I needed to make something. Something warm. Something healthy. Something that freezes well.

    The solution, this wonderful one-pot turkey vegetable chili. Filled with veggies and turkey. It’s hearty without being too much. Best part, it’s a Weight Watcher’s recipe and each one cup serving is only ONE POINT.  Okay, I made my Grandmother’s Biscuits to go with, so it’s no longer one point, but I’m ill and can afford the extra calories, and besides, I’m shooting for filling, healthy and yummy, not diet conscious.

    There’s a lot of energy sapping chopping here, but the end result is totally worth it!

    • 10 oz. extra lean ground turkey
    • 1 medium onion diced
    • 1 green bell pepper, diced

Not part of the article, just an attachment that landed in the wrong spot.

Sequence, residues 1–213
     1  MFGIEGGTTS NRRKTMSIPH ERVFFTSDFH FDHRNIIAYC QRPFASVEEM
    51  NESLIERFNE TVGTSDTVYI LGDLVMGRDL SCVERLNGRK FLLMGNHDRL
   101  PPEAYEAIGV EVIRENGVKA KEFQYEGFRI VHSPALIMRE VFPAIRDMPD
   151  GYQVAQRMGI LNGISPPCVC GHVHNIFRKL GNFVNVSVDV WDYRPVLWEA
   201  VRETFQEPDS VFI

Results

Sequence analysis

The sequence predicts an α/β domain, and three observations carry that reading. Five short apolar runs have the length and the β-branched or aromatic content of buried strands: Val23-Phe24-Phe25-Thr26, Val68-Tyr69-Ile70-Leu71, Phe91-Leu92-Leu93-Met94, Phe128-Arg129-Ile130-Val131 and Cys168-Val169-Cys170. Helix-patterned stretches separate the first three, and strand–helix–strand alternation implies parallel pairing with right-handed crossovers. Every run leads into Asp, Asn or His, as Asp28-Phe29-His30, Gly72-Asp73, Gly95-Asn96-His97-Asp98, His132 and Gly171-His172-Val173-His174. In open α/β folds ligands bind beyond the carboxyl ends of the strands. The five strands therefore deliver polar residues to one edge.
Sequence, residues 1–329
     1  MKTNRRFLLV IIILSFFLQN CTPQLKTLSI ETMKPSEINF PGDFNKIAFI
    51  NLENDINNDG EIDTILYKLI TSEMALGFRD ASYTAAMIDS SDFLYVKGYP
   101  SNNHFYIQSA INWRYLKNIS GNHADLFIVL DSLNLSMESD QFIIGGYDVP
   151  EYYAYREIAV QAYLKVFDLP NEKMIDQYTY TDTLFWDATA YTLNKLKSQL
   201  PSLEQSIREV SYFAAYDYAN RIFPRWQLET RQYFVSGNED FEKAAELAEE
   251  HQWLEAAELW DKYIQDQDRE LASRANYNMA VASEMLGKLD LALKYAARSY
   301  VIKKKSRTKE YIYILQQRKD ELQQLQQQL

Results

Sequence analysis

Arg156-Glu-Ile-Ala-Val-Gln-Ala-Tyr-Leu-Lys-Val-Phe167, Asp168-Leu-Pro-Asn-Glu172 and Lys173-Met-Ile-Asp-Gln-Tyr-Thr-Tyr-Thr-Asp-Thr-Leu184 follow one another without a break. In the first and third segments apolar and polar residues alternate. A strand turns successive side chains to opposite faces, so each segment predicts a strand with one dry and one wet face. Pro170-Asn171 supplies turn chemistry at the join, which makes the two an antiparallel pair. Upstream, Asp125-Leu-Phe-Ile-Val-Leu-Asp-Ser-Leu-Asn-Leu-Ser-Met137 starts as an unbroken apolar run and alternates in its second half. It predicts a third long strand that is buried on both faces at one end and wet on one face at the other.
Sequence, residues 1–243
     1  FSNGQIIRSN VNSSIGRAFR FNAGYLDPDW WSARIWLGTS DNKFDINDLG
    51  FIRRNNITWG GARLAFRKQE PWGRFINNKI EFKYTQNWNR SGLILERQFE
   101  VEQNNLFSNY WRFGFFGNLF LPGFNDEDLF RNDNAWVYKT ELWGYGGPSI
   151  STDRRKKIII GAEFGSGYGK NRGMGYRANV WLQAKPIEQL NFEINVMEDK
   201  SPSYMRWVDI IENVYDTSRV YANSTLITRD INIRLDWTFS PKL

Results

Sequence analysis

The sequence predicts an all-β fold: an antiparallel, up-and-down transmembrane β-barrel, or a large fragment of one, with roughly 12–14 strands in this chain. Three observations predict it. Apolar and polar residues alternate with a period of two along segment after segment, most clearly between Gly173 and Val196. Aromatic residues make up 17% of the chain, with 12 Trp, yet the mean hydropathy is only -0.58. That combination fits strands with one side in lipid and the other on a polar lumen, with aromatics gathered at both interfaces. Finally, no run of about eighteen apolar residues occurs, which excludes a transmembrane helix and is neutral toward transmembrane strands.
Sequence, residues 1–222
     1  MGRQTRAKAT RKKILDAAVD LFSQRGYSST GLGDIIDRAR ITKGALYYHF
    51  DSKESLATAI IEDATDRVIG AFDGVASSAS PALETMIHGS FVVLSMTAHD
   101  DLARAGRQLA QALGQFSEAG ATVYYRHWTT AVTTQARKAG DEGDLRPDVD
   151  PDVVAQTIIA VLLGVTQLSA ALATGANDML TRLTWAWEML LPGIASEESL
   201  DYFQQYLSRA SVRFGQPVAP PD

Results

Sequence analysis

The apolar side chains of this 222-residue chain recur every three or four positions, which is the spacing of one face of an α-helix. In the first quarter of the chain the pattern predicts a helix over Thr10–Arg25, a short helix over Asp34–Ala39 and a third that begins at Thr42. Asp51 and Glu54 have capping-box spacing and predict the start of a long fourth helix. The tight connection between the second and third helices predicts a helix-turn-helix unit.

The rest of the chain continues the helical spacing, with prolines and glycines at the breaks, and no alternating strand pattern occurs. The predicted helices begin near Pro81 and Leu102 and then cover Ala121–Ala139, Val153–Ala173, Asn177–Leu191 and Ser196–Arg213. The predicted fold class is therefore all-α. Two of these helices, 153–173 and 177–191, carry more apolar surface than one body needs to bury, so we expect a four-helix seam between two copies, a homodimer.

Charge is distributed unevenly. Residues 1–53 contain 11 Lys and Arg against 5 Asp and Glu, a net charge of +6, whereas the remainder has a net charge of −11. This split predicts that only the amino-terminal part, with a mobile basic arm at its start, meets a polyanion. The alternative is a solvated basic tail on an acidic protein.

• 2 28 oz cans diced tomatoes (I use mexican style w/ green chiles)
    • 2 medium zucchini – diced
    • 2 medium yellow squash diced
    • 15 oz can black beans – rinsed & drained
    • 2 cans fat free low sodium beef broth
    • 4 celery stalks diced
    • 1 or 2 packages dry chili seasoning or to taste

    NOTE: This is the original recipe. I usually use low sodium chicken broth. I use one packet of the chili seasoning.

    Ingredients

    Saute turkey, pepper, and onion in the bottom of a large stock pot until browned.

    Into the pot

    Add remaining ingredients and simmer over medium heat until veggies are tender (about 30 minutes).

    Cooking

    I like to simmer mine for a while longer to help the flavors blend, but it’s definitely not necessary.

    Makes approximately 20, one cup servings.

    NOTE: When I freeze tis I freeze it in ziploc bags, laying flat, in both one and two cup portions.

    Bourbon Apple Pork Chops

    So … today’s posting is a tale of woe …

    (It’s always something, isn’t it!?)

    I normally do my grocery shopping for the week on Sunday. I pick my recipes, see what’s on sale, clip my coupons, gather my bags, and toddle off. I don’t give much thought to what I am going to cook on what night.

    UNTIL …